America’s energy sector is just one part of an aging infrastructure badly in need of repair.  Ask any CEO where they’d rather locate and hire — a country with deteriorating roads and bridges, or one with high-speed rail and Internet; high-tech schools, self-healing power grids.  The CEO of Siemens America — a company that brought hundreds of new jobs to North Carolina — said that if we upgrade our infrastructure, they’ll bring even more jobs.  And that’s the attitude of a lot of companies all around the world.  And I know you want these job-creating projects in your district.  I’ve seen all those ribbon-cuttings. (Laughter.)
So tonight, I propose a “Fix-It-First” program to put people to work as soon as possible on our most urgent repairs, like the nearly 70,000 structurally deficient bridges across the country. (Applause.)  And to make sure taxpayers don’t shoulder the whole burden, I’m also proposing a Partnership to Rebuild America that attracts private capital to upgrade what our businesses need most:  modern ports to move our goods, modern pipelines to withstand a storm, modern schools worthy of our children.  (Applause.)  Let’s prove that there’s no better place to do business than here in the United States of America, and let’s start right away.  We can get this done.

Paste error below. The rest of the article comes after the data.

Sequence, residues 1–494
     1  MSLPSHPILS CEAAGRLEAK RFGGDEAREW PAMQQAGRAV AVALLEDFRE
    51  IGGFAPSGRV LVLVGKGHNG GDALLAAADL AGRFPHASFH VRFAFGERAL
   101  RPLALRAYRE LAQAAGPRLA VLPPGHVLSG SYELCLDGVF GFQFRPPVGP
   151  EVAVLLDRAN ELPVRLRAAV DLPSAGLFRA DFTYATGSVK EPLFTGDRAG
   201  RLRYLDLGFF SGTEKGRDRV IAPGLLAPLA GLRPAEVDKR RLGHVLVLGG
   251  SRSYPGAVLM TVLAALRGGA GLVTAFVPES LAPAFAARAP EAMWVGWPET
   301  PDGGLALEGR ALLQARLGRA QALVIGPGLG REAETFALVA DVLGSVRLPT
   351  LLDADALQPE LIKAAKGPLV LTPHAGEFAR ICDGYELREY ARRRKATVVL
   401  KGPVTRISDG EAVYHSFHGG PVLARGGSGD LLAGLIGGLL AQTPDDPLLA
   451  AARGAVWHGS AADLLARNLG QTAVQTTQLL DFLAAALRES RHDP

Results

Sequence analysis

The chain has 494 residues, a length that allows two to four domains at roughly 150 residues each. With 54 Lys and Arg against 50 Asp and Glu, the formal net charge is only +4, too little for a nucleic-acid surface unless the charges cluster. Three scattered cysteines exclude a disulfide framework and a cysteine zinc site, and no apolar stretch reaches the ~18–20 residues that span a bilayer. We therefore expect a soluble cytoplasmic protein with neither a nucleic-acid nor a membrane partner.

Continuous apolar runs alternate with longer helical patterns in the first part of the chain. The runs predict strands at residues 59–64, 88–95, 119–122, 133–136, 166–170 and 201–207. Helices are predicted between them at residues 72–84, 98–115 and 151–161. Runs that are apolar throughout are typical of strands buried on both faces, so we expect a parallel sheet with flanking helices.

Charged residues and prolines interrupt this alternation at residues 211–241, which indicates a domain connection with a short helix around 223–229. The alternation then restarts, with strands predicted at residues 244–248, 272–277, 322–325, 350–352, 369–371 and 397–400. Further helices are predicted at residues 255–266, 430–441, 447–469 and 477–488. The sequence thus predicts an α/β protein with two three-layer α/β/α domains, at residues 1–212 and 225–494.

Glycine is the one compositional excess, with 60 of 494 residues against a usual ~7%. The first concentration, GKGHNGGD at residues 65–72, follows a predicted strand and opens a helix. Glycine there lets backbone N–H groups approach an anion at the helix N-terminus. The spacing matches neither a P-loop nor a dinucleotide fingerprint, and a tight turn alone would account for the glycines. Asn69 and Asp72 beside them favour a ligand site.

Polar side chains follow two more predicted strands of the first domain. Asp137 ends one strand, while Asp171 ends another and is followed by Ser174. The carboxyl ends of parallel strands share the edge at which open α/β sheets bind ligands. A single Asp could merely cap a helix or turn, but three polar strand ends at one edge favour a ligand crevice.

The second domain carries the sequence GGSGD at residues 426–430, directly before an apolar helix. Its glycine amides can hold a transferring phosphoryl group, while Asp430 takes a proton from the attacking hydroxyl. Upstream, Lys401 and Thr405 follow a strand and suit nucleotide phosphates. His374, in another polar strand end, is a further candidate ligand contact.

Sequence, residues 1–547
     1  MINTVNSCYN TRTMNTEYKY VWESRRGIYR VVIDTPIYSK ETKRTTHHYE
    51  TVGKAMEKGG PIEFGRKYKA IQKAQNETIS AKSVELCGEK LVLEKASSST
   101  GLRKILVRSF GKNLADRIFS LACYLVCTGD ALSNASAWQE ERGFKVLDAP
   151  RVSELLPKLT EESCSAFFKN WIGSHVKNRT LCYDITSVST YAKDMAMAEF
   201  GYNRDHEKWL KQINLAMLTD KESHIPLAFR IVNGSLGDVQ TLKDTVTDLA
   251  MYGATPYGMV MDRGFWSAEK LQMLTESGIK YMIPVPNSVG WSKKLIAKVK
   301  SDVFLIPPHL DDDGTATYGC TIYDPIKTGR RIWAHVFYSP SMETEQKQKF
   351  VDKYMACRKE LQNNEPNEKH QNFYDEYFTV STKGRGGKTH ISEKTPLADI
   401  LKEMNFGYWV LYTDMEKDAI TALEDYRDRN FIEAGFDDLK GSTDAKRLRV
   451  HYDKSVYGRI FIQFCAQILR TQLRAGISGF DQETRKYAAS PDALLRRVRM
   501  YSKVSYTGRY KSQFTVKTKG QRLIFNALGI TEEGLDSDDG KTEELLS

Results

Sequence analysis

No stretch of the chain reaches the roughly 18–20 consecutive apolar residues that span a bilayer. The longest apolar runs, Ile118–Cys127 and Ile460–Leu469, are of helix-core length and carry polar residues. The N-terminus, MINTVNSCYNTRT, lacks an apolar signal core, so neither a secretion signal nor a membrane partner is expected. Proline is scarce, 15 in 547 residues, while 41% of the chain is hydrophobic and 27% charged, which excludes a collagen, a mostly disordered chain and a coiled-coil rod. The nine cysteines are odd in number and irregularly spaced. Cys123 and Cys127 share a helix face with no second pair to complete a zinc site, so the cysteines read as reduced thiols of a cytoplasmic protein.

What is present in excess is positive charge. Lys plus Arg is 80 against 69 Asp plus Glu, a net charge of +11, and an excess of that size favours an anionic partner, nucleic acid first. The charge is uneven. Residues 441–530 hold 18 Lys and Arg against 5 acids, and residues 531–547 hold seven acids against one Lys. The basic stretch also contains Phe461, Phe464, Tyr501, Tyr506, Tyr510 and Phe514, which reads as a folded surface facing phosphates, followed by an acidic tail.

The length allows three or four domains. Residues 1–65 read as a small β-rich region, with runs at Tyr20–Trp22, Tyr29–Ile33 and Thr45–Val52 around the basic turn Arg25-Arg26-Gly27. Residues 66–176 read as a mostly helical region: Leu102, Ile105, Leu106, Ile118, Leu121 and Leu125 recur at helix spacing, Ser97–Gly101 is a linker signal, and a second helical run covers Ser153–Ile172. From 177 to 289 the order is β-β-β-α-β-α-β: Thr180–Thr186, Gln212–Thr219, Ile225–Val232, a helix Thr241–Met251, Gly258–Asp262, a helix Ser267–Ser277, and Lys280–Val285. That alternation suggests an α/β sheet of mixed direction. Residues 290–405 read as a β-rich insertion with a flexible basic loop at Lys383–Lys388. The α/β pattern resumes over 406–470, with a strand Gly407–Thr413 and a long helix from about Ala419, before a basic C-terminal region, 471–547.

My three cents: Not much overall on transportation or mass transit but certainly encouraging (in my view) to hear the President say “But if Congress won’t act soon to protect future generations, I will.” It’s interesting to hear the President talk about more natural gas drilling on public lands to help the U.S. become more energy independent while also talking about reducing greenhouse gas emissions to stave off climate change. On the surface, those goals do not seem compatible, but the President argues that natural gas burns cleaner than other fossil fuels we would use otherwise.
Florida Sen. Marco Rubio’s speech does not include the words “climate change,” “transportation” or infrastructure, although he did say, “When we point out that no matter how many job-killing laws we pass, our government can’t control the weather – he [the President] accuses us of wanting dirty water and dirty air.”